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Rosemary, the snail farmer

By | Updated Sat, April 7th 2012 at 00:00 GMT +3

ROSEMARY ODINGA is not only the Prime Minister's daughter but she also mentors boys on rugby and runs the only snail farm in Kenya. She opens up to SHIRLEY GENGA about her life, fascinating pastime and her daughter

Most people know you as the Prime Minister¡¯s daughter. But who is Rosemary Odinga?

People say I am a straight shooter and I do not beat about the bush. I give it to you as it is.

Tell us about your childhood

It was a unique experience. I was born and raised in Nairobi and I am the second born in a family of four.

My siblings are Fidel, Raila Jnr and Winnie. My dad was actively involved in the liberation struggle of this country and on several occasions he was arrested.

My fifth birthday was among the most memorable episodes. It was during the 1982 coup when my dad was arrested three days before my birthday on August 13.

ROSEMARY ODINGA, Prime Minister¡¯s daughter [Photo/Standard]

He had promised to buy me presents on that day but he never made it to the party because he had been arrested.

Because of my dad¡¯s involvement in the liberation struggle, in school everyone ¡ª from the teachers to the pupils ¡ª wanted to know who we were. By the time I was in high school at Loreto Msongari Girls I was used to the attention.

What kept you going through those trying moments?

My mom. She is a strong and prayerful woman. She would sit us down and explain to us what was happening.

The experience made me grow up fast and I started appreciating freedom and democracy at an early age.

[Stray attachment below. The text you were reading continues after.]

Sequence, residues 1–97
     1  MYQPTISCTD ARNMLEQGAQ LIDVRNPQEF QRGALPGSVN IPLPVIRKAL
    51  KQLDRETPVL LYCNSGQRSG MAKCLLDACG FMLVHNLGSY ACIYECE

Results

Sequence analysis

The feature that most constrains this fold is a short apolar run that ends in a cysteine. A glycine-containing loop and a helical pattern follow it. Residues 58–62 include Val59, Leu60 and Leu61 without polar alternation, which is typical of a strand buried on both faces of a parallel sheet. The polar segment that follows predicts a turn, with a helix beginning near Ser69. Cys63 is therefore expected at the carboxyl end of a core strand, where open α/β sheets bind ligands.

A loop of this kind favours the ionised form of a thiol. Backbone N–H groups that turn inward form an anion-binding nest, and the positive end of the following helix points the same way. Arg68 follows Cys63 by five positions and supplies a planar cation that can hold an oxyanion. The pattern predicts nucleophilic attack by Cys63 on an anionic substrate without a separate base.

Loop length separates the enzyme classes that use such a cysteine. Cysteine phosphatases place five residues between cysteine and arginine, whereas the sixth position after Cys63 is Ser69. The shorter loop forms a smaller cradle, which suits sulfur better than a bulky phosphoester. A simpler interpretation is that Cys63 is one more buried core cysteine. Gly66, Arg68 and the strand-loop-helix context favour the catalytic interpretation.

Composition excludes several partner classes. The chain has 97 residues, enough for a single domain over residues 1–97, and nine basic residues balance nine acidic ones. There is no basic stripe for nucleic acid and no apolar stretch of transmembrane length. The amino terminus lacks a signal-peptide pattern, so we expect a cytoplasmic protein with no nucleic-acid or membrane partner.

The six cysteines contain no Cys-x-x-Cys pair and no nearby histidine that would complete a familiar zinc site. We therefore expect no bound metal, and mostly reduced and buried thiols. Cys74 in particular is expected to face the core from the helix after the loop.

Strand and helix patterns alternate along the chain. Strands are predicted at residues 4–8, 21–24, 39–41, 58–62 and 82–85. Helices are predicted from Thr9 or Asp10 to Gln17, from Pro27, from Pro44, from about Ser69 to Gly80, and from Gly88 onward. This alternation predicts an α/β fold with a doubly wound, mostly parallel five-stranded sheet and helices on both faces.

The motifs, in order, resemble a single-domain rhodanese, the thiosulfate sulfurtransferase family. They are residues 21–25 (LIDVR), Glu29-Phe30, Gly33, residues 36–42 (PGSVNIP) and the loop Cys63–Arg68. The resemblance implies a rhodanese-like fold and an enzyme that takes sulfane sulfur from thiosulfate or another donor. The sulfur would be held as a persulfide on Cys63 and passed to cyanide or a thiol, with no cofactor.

What are some of the projects you are involved in?

I love farming. I even own a farm where I rear snails. It is the only snail-rearing farm in Kenya.

I also farm bamboo. Apart from that I am the rugby patron for Upper Hill Secondary School, so I get to mentor the boys. I am passionate about mentoring boys because I feel that for a long time they have been neglected in favour of girls. This creates an imbalance in the community.

Why snails?

They are yummy! I first ate snails while on a trip to Nigeria and I was hooked. I start ed the snail farm ¡ª Shell Tops ¡ª in 2007.

Snails are rich in protein and low in cholesterol. It is especially good for people with hypertension and those prone to heart disease. This is a delicacy enjoyed by fine diners. So my market is basically high-end Chinese and West African restaurants.

Tell us about the projects you run in Kibera slums.

The Raila Odinga Foundation is a non-profit organisation whose mission is to transform the lives of the poor by equipping them with skills to help them earn a living. I am the executive director at the centre and I co-ordinate most of the activities.

Through the foundation we run a number of projects ,but my favourite is the Raila Education Centre, which is located in Kibera slums. It is a school my dad started seven years ago to empower his constituency.

It first started as a nursery school, then grew into a primary school and now it has a secondary school too. We have about 1,000 students and plan to upgrade the school into a world-class education facility.